Scientists at The Massachusetts Institute of Technology have created a way to make tumour cells more susceptible to certain types of cancer treatment. They have done this by coating the cells with nanoparticles before delivering drugs.
By putting hundreds of tiny particles on the surfaces of tumour cells, scientists were able to make the cells more vulnerable to attack by a drug that triggers cancer cells to commit suicide. It seemed as though the tethered nanoparticles increased forces exerted on the cells by flowing blood, which made the cells more likely to die.
In tests on mice, the tethered nanoparticles made the cell-suicide-inducing drug 50 percent more effective, and this combination killed up to 90 percent of mouse tumour cells.
The effect of the treatment appeared to be specific to the tumour cells and did not induce cell death in healthy cells, which is very good news and implies a new set of cancer treatment drugs could be on their way.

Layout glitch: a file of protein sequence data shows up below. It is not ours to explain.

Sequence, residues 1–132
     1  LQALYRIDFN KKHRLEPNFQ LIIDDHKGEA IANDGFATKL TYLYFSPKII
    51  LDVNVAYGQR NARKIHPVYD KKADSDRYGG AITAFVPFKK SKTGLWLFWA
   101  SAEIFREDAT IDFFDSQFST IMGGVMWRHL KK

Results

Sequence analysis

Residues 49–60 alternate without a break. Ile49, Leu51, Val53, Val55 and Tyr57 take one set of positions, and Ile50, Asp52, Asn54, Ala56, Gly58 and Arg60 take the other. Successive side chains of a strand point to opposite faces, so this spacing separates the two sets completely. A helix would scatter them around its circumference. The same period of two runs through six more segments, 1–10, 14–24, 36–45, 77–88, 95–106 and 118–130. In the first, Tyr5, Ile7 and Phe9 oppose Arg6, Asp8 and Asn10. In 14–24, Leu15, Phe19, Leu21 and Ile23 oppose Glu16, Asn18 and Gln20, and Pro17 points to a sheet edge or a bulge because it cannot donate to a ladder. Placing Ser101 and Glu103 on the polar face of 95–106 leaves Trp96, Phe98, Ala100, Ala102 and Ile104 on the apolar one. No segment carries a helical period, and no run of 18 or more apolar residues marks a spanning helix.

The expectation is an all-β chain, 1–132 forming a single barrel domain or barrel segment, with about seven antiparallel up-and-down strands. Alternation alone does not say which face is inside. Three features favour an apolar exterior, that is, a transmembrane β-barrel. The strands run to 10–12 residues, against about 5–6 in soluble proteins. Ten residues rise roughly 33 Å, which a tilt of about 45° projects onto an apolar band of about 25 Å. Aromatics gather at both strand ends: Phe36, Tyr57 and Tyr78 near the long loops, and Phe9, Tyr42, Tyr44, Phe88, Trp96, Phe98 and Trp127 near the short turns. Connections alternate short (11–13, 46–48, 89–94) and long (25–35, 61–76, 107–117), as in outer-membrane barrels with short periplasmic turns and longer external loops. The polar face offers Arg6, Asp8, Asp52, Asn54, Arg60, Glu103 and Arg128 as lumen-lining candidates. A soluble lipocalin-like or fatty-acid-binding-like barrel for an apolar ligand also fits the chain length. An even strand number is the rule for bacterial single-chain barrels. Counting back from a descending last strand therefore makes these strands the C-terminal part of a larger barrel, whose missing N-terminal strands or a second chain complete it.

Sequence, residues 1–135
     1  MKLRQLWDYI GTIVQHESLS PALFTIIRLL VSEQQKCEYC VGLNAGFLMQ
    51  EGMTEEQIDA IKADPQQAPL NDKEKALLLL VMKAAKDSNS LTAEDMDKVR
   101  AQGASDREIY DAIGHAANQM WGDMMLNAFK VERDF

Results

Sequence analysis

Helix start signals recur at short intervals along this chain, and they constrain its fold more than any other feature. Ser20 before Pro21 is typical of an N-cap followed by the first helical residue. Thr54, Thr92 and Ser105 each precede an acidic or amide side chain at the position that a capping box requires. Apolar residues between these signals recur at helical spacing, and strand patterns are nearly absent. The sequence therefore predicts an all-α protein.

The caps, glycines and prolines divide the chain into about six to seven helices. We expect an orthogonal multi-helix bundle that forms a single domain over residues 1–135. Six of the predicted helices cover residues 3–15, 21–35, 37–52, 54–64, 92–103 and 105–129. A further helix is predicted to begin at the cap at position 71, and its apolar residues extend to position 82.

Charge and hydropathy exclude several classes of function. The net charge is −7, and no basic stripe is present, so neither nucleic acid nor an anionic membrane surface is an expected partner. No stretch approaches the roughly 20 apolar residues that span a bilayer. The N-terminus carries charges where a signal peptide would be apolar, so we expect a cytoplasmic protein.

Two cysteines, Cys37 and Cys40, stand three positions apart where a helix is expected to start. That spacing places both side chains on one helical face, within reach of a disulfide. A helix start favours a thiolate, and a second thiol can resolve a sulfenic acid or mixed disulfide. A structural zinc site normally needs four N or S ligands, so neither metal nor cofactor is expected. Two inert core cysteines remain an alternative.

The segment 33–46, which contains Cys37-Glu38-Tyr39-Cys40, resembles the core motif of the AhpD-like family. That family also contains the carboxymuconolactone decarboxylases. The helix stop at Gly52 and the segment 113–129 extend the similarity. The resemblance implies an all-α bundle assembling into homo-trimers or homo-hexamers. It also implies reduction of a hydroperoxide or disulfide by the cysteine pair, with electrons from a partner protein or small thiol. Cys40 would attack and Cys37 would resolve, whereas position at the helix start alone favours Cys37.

Source of this news
- Michael J. Mitchell, Jamie Webster, Amanda Chung, Pedro P. G. Guimarães, Omar F. Khan, Robert Langer. Polymeric mechanical amplifiers of immune cytokine-mediated apoptosis. Nature Communications, 2017; 8: 14179 DOI: 10.1038/ncomms14179
- Massachusetts Institute of Technology. “Tethered nanoparticles make tumor cells more vulnerable: New strategy could improve the performance of some immune-based drugs.” ScienceDaily. ScienceDaily, 20 March 2017. <www.sciencedaily.com/releases/2017/03/170320081519.htm>.